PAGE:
Such long-running counter-productive cultural practices have led some critical observers to question African elites and their inability to boldly attempt to refine them and led to all sort of views about Africa’s values, especially as science grows globally and certain human events are thought not to be caused by demons, divine feat, evil spirits, or unforeseen forces. From afar and inside Africa, some observers have argued that Ghanaian/African elites cannot think and have no confidence in their own values as critical domains for progress.

The German thinker, Friedrich Hegel, thought that Africans cannot think or are philosophically weak. The late Senegalese President, Leopold Senghor, perhaps influenced by Hegel, thought Africans cannot think and brought in Europeans when he had developmental challenges. The Ghanaian law-makers are saying today that both Hegel and Senghor were wrong, that Africans can think from within their values in the global perspective and in the context of their norms, values and traditions. Hence, the criminalization of FGM.

Either from the twisted views of Hegel or Senghor, which pretty much reflected the jaundiced European views of Africa’s values and traditions, as the French would tell you with their warped view that Africans needed to be “civilized” because they cannot think and are “primitive,” there has been a long-running perception that African elites, after freedom from colonial rule, have not been able to intellectually come out with the thinking that allows them to model their progress from within their norms, values and traditions, and deal with the emerging development challenges effectively.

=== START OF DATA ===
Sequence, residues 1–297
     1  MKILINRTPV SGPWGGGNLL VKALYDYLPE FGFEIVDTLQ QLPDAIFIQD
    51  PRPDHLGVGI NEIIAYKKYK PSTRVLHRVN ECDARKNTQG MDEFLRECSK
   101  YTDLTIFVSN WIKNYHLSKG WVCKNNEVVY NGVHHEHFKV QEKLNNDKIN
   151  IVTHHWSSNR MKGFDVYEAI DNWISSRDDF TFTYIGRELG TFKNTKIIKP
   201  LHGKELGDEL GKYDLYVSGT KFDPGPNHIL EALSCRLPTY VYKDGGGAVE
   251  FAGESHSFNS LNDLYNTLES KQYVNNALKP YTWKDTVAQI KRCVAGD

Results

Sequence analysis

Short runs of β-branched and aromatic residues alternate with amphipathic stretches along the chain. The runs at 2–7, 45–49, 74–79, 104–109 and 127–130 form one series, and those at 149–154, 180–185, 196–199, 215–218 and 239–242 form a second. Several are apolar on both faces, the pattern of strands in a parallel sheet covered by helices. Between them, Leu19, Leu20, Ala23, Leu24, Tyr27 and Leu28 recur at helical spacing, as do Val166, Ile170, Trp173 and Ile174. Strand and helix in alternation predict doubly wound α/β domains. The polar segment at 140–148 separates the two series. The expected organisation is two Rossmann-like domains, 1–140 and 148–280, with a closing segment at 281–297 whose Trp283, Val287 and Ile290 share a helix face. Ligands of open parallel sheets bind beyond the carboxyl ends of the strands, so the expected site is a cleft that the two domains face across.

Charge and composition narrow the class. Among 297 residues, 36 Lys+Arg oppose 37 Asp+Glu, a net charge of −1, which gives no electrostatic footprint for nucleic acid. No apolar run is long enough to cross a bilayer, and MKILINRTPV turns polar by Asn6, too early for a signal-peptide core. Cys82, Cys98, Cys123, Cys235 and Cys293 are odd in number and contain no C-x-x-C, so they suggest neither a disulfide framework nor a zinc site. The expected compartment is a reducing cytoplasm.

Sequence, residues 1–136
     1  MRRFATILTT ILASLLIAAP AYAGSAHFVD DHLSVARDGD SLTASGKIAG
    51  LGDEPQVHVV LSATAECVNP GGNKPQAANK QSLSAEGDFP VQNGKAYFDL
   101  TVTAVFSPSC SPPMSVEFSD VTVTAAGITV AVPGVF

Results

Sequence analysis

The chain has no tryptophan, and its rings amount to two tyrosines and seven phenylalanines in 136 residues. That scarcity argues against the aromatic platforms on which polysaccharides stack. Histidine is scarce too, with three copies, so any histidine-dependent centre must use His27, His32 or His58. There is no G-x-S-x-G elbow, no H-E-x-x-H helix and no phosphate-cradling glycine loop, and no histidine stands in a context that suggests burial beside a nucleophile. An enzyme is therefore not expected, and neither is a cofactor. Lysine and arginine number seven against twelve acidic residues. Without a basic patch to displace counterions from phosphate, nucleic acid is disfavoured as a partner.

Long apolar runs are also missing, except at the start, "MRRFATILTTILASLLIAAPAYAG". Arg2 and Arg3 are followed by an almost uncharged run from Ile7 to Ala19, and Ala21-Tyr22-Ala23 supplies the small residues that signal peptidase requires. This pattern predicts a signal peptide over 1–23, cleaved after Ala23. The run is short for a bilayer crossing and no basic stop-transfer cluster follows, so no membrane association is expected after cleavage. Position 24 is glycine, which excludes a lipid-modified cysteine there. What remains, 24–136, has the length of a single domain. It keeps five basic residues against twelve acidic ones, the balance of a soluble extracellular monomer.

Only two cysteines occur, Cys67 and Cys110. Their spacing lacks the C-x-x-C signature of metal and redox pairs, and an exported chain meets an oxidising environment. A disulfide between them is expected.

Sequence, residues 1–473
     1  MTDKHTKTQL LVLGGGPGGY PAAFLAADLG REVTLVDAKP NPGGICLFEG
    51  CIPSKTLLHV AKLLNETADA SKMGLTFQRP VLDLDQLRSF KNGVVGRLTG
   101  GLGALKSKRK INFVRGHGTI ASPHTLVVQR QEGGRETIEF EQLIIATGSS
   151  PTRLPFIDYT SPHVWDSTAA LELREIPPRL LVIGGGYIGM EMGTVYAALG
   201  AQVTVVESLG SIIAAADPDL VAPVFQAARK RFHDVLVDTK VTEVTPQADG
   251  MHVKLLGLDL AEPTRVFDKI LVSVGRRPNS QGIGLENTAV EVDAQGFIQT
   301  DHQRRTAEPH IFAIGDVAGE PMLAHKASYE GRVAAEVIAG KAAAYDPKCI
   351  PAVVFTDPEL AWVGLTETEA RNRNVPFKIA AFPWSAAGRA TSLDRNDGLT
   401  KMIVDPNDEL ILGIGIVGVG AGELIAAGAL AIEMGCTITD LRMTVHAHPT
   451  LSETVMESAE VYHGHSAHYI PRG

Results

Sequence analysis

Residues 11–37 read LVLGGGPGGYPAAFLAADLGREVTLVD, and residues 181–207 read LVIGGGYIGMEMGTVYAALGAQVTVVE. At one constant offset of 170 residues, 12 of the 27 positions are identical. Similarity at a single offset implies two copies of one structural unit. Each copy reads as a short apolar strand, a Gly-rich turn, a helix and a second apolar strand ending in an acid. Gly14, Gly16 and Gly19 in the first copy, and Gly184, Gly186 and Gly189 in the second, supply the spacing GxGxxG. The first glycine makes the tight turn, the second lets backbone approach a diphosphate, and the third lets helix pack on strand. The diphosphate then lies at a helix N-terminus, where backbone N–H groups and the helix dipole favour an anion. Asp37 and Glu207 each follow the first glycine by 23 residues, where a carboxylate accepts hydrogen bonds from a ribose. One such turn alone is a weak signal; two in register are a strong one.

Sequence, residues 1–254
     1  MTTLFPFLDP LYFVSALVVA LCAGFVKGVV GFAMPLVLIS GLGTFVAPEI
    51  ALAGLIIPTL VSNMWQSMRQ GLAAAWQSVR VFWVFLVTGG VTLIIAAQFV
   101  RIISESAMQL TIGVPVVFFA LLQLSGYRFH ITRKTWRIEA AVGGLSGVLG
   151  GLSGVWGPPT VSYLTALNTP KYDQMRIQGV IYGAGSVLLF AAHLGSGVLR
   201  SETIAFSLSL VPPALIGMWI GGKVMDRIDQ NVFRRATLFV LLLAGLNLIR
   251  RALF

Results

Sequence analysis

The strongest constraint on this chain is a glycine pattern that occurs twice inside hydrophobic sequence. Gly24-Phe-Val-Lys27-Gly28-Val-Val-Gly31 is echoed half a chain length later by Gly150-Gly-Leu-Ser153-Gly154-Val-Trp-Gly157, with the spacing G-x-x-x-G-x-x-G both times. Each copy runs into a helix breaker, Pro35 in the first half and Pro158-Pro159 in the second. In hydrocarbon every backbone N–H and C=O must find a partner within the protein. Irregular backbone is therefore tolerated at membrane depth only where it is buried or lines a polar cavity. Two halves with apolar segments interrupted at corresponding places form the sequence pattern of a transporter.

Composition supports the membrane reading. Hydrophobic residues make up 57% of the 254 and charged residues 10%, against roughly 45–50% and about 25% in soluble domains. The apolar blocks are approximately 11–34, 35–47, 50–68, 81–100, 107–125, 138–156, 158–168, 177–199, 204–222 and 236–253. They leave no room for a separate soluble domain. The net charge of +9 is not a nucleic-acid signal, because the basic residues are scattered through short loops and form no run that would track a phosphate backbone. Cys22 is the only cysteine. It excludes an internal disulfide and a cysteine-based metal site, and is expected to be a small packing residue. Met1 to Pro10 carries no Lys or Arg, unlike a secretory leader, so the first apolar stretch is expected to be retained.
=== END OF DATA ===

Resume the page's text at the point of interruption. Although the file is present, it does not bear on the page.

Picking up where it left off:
When Ghana’s Dr. Y.K. Amoako, ex-chair of the Addis Ababa-based UN’s Economic Commission for Africa, observed that Africa is the only region in the world where its development paradigms are foreign dominated, Dr. Amoako was effectively saying that Africa’s elites have not being able to overturn the European views that they are so weak that they cannot think from within their values and need foreign values and traditions to develop. Pretty much disturbing! The contention is how Ghanaian/African elites can think through their values and traditions to come out with development paradigms that reflect their environment as the Southeast Asians and other prosperous nation-states throughout the world have done and are still doing with reference to globalization.

One mistake Ghana’s Founding Fathers did was failing to structure and direct the nation-state from within Ghanaian values and traditions. If the Founding Fathers had examined the contradictions and atrocities within the values and traditions and laid them out for rigorous refinement in Ghana’s progress, as the current law-makers are attempting to do, the Founding Fathers would have set the pace, long ago, for enlightened processes for progress.

The criminalization of FGM, in the broader context of nation-building, represents a rebirth - indeed, a reconnection between the “state” (as the political authority) and “nation” (as the root, values and traditions) - since there are conscious attempts to awaken the long-suppressed values, appropriate the good parts and refine the inhibiting aspects for national development.

Photo: Ebenezer Begyina-Sekyhi, Speaker of Ghana’s parliament.